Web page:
FELLSTONES by Ramsey Campbell
Flame Tree Press, HB, £20.00
Reviewed by Pauline Morgan
Traditional British horror has a different feel to it than many other forms of the genre. In the same way that crime novels have their police procedurals, gory blood-spattered crime and ‘cosy’ varieties, horror has varieties as well. Cosy crime is often set in isolated country places rather than big cities. It doesn’t mean the plot is not littered with corpses – it probably is. Similarly, cosy horror takes place in isolated places such as an unspoiled English village with a dark menace lurking beneath the ordinariness unseen by those who pass through. Fellstones is one such.
Michael Paul Dunstan grew up in Fellstones. He was taken in by Winifred and Rafe Staveley after his parents were killed in a road accident. His room was in the attic, reached only by a ladder, and as he had perfect pitch, they encouraged him to pursue a singing career. While initially enjoying singing, he became embarrassed when his voice broke during a performance and refused to sing in the choir again. He further disappointed them by choosing the history of music as his degree subject. He has deliberately kept away from Fellstones since leaving university as he felt he was being manipulated to follow a path he didn’t want.
As the novel opens, he is Paul Dunstan, working in a book/music shop in Liverpool, the same place where his girlfriend, Caren, also works. He is reasonably content until Adele Staveley turns up in the shop, suggesting that her parents are ill and would like to see him. It is guilt that takes him back to Fellstones. Some things are the same. There are seven monoliths of the village green, and the villagers welcome him back with, he thinks, too much enthusiasm. The Staveleys, who insist on calling him Michael, are not as close to death’s door as Adele led him to believe. They are manipulative, finding reasons for him to stay, such as suckering him into drinking too much and then persuading him to return for their festival, all of which strains his relationship with Caren and his job.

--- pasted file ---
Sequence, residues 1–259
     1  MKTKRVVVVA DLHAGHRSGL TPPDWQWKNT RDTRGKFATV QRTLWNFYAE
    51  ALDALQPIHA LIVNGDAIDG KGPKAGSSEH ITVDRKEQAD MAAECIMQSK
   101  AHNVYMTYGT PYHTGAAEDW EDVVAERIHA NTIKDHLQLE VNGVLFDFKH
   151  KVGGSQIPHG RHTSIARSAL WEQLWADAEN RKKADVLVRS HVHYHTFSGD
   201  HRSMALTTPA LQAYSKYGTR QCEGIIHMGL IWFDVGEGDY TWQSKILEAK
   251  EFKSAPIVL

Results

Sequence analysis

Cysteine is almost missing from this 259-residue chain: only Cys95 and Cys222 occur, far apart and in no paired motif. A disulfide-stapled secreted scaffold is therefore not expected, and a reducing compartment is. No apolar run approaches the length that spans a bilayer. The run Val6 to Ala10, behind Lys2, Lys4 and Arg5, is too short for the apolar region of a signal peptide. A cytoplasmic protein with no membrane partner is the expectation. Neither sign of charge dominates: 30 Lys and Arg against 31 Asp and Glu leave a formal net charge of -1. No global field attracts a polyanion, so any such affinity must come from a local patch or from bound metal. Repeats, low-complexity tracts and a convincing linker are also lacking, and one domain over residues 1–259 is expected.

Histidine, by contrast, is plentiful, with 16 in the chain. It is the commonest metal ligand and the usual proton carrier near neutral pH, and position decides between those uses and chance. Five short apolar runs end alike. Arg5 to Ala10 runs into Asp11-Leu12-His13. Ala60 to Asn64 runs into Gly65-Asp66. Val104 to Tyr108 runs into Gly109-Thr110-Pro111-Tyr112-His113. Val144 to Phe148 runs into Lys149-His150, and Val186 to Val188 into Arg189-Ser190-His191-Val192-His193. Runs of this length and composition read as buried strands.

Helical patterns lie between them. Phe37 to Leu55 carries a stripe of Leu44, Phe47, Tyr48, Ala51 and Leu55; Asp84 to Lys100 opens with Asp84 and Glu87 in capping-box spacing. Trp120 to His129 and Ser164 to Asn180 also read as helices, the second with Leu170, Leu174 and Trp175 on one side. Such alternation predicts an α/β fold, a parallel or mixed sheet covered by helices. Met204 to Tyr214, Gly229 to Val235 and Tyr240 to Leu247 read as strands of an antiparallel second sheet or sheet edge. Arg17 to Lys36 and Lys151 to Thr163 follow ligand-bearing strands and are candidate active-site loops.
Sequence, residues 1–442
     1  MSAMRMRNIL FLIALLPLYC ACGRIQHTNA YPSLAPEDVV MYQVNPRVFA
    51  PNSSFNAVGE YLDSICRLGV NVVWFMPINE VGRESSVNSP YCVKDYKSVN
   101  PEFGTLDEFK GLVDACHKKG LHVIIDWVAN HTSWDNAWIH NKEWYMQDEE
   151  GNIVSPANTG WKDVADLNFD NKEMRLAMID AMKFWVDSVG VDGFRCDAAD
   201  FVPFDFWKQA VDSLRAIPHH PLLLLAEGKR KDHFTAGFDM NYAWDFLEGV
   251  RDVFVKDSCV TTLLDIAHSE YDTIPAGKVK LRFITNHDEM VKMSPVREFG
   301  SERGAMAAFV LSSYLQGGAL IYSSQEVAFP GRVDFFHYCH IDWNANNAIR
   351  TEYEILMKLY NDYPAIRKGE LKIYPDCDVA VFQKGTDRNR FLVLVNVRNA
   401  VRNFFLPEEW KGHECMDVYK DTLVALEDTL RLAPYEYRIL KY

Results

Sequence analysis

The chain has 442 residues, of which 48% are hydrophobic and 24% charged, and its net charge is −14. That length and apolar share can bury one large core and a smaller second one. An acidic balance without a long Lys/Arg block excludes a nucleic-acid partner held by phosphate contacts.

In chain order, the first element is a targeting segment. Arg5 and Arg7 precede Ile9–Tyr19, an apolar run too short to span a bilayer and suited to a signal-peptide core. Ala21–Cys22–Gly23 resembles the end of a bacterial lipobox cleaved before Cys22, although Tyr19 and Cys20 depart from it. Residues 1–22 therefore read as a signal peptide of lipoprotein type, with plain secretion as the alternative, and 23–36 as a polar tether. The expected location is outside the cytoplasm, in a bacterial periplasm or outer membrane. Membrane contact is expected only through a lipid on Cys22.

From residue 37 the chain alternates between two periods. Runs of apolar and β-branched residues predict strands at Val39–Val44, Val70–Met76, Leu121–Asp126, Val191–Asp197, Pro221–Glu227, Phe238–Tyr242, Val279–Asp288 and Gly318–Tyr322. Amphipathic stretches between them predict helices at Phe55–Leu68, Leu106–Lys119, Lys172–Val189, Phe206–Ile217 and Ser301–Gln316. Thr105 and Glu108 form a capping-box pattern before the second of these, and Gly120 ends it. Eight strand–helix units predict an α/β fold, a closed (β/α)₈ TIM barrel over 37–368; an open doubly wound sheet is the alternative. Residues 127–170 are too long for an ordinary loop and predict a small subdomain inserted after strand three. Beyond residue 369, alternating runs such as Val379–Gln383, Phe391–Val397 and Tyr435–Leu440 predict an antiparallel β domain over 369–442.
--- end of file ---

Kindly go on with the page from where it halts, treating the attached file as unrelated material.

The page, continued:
Paul is sure there is some ulterior motive – he cannot remember a festival in the village before, and the Staveleys are insisting it is a tradition. He tries to find out more about the history of the village and gradually unravels the rationale behind the Staveleys’ obsessions.
As with many of Campbell’s novels, the tension builds slowly as the situation darkens. Paul is the weak link in the story as he is not rebellious enough to break out of the shadow the Staveleys are casting. While he has shown sparks of resistance, they are not enough to prevent him from being suckered into a situation he cannot control. To some extent, this is a misplaced sense of loyalty to the couple who took him into their home when his parents died, even though this has sinister overtones. While we discover why they want Paul as the centre of their festival, there is no sense of what can happen if he fails to respond to their manipulations.
Although Fellstones is not one of his best in my opinion, any book from Ramsey Campbell is worth reading.